The Destiny franchise has always had an issue with matchmaking, both in PvE and PvP. While Bungie has addressed the PvP matchmaking issue, solo PvE players are still left in the dark on some of the best activities Bungie has to offer. Fans of the series have wanted Nightfall and Raid matchmaking since the launch of Vault of Glass in vanilla Destiny. Now with Destiny 2, it’s even more apparent that a solid, well-designed matchmaking system is needed to get fans into the end-game activities that they would otherwise miss out on due to not having a fireteam of friends to play with.
According to PlayStation Network, out of all Destiny 2 players, only 18.2% of them have completed the Leviathan raid, the pinnacle activity in the base Destiny 2 experience. Granted, that number does include players who played the campaign and left, or players who simply played the game for a small time and then stopped, but regardless, the number is incredibly low. Raids hold some of the most challenging and satisfying moments in Destiny 2, so the fact that so many players miss out on these activities is a tragedy. Plus with Destiny 2 getting harder after Warmind launches, players will need an avenue to get end-game level gear.
Destiny‘s raids are something truly unique to the FPS genre. These six-player activities have been the highlight of the series for many Destiny players. The raids are tailored to be more challenging and strategic than the other content in the game. Raids put teamwork and communication to the test as fireteams face off against incredibly challenging enemies or puzzles that need to be solved to advance.
Typically, raids have two or three bosses and a puzzle encounter or two, all of which test the communication and skill of the fireteam as a whole as they try to get higher power gear. Destiny 2‘s Leviathan raid is the first of its kind, where the encounters change order and they are very puzzle oriented. Plus there is a whole underside to the Leviathan which allows players to bypass certain parts of the raid for a chance at more rewards.
In truth, raids are what set Destiny apart from many other first person shooters. They show a new side of the game that expands beyond simply shooting a big bad guy until its health runs out. They are challenging and they are satisfying to complete.
Another big part of the raids is the loot. Every raid has its own unique loot designed specifically to fit the theme of the raid, which drops at higher power levels to help players reach the power cap. The raid lairs, which are small-scale raids that take place within the Leviathan, help flesh out the loot pool for the Leviathan raid so that every weapon type has a special version hand-made for the raid. They also come with their own unique armor sets and shaders for players to chase after during the power grind.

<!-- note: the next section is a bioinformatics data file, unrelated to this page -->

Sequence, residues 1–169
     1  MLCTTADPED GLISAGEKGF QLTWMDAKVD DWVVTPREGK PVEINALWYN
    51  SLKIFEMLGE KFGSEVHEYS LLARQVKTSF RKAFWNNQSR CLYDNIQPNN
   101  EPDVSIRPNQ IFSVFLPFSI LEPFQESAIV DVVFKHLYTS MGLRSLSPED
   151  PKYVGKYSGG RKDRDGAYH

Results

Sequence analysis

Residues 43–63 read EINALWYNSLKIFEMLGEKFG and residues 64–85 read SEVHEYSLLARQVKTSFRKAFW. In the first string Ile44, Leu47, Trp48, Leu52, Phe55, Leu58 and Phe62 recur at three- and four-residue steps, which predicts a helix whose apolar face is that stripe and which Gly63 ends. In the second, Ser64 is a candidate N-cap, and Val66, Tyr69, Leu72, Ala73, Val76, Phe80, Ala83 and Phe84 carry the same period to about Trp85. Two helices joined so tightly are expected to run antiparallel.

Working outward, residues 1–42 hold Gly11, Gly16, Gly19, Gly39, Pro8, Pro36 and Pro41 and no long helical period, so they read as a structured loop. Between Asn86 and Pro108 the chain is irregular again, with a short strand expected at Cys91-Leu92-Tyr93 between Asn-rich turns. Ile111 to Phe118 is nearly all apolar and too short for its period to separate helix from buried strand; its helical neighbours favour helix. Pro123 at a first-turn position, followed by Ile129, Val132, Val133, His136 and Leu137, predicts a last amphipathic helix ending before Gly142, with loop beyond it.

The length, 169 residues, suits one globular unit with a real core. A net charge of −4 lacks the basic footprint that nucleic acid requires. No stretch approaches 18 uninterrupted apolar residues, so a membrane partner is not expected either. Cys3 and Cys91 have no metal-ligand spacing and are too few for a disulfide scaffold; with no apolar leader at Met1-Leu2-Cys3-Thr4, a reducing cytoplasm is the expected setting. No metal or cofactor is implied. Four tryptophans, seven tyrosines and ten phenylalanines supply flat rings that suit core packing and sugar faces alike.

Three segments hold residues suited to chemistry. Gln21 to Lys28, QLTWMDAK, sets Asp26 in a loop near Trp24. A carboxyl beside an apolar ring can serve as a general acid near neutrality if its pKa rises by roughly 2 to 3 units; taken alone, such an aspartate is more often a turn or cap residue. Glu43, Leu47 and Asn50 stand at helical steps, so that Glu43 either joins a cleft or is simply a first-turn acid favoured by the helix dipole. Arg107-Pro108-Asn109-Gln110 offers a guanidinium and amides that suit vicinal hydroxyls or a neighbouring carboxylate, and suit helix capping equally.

Destiny 2 introduced Guided Games in an attempt to give more players the opportunity to experience these end-game activities, but the system fell flat due to long matchmaking times and a lack of real structure. Even with guided games, fewer players completed a raid in Destiny 2 compared to Destiny, where 21% of players completed a raid. Every player should have the chance to participate in these end-game activities, whether it be the Leviathan, nightfalls, or the new Spire of Stars raid lair, without having to sift through LFG (looking for group) sites.
LFG sites aren’t inherently bad, but some players are frustrated that they have to go to a website to find people to match up with, something that the game should do when the player selects the activity. The typical LFG experience consists of putting in power level, class, desired activity, and hoping that someone sends the player a message.
A great idea would be to rework The Farm in Destiny 2 into an LFG area, where players can look for other people to run raids, strikes or trials with. The Farm is essentially useless after the main campaign ends, so it could be converted to be a bounty board where players can post their guardian’s info, desired activity, language, and whether they have a microphone or not. Players could even say they’re looking to Sherpa/looking for Sherpa, which would replace the mess that is Guided Games. While it would be incredibly difficult to implement a system like this, the quality of life in Destiny 2 would drastically increase if players did not have to go to an LFG site or the Destiny 2 Companion app to coordinate a party. Even if it’s an in-game LFG system, it’s better if it’s in-game as opposed to on a third-party site.
Warmind has Escalation Protocol as well, which is an endgame activity. Having some guardians in a fireteam to run through the horde-mode activity would come in handy when trying to unlock all of the special gear that Escalation Protocol has to offer. Back when Destiny 2 was announced, Guided Games seemed like a great avenue to get new players into the end-game, but perhaps Bungie needs to go back to the drawing board and reevaluate the best way to do this without forcing players through a website or app.
Destiny 2: Warmind releases May 8, 2018 for PC, PS4, and Xbox One.